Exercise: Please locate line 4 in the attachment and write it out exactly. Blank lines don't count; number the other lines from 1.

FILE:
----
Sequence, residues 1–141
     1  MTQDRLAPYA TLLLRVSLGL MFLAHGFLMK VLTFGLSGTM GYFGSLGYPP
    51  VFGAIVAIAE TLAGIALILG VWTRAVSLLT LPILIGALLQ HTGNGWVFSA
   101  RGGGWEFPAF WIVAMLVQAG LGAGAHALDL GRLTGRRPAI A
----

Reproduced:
   101  RGGGWEFPAF WIVAMLVQAG LGAGAHALDL GRLTGRRPAI A